Cottonwood Valley Charter School

Cottonwood Valley Charter School received a B from the New Mexico PED for the second straight year.

Three Socorro County schools received improved grades from the New Mexico Public Education Department on Friday.

Midway Elementary School, San Antonio Elementary School and Magdalena Middle School each improved a letter grade.

Three schools, however, remained on the failing list: Magdalena Elementary School, Zimmerly Elementary School and Sarracino Middle School. The Socorro Consolidated Schools Board temporarily closed Zimmerly Elementary last spring because of structural issues.

Socorro Superintendent Ron Hendrix said overall the grades were a little better than expected in his district after looking at the data.

Cottonwood Valley Charter School and Midway Elementary School received the highest grades in the county. Cottonwood maintained its B from a year ago. Midway improved from a C to a B.

Magdalena High School maintained its C. Magdalena Middle School improved from a D to a C, continuing the improvement from an F two years ago. San Antonio improved from a D to a C.

Socorro High School received a D for the fourth straight year. Parkview Elementary School fell from a C to a D. La Promesa Elementary School in the northern part of the county received a D. It is in the Belen Consolidated Schools District

Hendrix said district officials hoped the high school would improve a letter grade since it fell short of a C last year by less than a point.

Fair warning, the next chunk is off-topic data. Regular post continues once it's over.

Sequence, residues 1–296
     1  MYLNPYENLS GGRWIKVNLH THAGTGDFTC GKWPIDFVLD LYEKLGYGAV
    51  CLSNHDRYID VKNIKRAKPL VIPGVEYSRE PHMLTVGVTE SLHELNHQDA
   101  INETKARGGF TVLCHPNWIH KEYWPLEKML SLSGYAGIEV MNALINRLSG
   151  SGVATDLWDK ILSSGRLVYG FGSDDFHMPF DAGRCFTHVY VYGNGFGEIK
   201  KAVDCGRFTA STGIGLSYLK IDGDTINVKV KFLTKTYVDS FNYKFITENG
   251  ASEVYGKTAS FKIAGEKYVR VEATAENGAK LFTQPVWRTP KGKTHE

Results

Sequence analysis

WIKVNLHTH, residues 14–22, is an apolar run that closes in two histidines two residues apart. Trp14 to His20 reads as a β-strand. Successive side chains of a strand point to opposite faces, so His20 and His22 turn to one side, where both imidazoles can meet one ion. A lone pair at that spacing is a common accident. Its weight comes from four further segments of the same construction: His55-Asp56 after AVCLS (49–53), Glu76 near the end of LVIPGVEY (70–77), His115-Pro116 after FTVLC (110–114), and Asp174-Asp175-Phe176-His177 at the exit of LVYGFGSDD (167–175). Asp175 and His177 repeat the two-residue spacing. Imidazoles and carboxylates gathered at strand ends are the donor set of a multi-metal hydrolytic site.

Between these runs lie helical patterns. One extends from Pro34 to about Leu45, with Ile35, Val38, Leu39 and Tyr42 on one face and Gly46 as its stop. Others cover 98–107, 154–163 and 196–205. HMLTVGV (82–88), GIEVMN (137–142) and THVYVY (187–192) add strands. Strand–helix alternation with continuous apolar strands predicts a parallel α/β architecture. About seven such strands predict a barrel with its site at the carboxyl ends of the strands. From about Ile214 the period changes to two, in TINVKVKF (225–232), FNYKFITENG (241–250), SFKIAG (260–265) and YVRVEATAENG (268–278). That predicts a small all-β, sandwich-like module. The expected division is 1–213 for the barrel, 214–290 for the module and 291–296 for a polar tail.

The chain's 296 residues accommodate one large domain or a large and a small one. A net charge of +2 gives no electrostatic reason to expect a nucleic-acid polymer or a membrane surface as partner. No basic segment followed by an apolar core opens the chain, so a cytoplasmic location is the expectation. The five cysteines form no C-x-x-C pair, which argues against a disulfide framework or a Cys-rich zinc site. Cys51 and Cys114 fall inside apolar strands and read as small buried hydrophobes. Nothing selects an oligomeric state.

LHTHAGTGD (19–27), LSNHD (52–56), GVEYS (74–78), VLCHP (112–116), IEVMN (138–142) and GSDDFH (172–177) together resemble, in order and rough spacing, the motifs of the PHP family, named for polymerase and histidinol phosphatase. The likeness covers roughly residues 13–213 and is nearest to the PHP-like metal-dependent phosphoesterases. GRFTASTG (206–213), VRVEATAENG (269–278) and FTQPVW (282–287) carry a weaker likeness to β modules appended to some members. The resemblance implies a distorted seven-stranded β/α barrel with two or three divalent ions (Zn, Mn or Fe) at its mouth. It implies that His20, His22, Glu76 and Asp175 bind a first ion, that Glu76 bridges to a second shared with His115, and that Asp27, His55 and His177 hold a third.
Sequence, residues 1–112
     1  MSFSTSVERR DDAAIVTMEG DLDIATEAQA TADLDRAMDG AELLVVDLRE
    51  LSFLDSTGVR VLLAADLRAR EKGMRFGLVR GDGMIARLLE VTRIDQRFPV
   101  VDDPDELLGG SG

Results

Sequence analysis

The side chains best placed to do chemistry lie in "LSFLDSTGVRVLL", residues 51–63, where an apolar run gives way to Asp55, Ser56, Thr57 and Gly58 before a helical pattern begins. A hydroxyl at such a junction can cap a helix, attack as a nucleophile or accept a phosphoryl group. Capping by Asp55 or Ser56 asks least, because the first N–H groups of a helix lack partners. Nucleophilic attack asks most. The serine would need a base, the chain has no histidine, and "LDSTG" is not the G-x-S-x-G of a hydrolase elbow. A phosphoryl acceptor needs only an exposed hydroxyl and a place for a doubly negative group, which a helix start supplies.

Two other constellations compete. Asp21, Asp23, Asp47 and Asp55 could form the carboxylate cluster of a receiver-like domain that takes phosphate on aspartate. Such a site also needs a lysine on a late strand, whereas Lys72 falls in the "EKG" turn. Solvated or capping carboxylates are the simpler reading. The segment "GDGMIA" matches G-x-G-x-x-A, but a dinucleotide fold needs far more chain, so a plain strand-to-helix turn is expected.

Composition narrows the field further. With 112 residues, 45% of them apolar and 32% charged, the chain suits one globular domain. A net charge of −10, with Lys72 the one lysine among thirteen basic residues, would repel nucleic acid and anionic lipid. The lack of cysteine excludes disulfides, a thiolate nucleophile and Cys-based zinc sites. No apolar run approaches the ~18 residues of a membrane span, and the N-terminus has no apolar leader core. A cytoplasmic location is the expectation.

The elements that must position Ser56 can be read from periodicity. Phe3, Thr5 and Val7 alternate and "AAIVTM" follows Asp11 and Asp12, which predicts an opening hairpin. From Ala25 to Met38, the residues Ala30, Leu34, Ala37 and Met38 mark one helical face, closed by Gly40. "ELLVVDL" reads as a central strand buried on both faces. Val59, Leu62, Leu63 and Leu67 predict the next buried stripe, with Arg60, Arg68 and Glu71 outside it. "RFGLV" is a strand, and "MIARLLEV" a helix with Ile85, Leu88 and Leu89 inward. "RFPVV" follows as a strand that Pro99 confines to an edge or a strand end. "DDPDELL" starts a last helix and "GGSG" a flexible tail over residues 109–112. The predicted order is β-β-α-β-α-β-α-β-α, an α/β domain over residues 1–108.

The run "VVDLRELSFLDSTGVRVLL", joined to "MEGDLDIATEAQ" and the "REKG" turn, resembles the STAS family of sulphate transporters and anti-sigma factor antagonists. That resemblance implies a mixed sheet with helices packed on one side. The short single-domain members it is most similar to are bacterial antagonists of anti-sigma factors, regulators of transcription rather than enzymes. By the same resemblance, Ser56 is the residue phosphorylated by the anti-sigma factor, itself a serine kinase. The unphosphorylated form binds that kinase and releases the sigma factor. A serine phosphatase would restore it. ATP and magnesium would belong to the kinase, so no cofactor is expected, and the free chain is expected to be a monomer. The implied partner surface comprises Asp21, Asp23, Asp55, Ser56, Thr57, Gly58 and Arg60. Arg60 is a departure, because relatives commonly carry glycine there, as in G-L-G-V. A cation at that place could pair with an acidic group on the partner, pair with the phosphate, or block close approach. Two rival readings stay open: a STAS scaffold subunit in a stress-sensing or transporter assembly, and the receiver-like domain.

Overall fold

“I was really hoping the changes made at the high school would have translated in those few extra points they needed for a C,” Hendrix said. “They gained points in one category but lost in the others.”

Magdalena Superintendent Glenn Haven said he was still reviewing the grades for schools in his district.

“All of our schools showed some improvement, even the elementary school,” Haven said.

Socorro Consolidated Schools has made several changes this year in hopes of improving student performance, Hendrix said.

“I’m confident our scores will be markedly different next year,” Hendrix said.

In Catron County, Datil Elementary School received a B. Quemado High School fell from an A to a C.

Reserve High School received a B. Reserve Elementary School received a D.

This is New Mexico’s seventh year of providing school grades. New Mexico Education Secretary Christopher Ruszkowski highlighted New Mexico’s State Plan under the Every Student Succeeds Act (ESSA) that has resulted in major changes in the historically struggling schools of New Mexico’s largest school district – Albuquerque Public Schools. 

“School grades matter – for our students, for our parents and families, and for our educators. They help us celebrate what’s working for students, replicate and scale best practices, highlight innovation, and intervene in our lowest-performing schools,” Ruszkowski said. “Not only is our largest school district finally beginning to see positive movement, but the rest of the state is holding steady and making gains as the bar goes up. It’s harder to earn an A than ever before and our students and schools are rising to the challenge.”

More detail on school grades will be featured in the Aug. 23 edition of El Defensor Chieftain.

Grades from all state schools can be found here: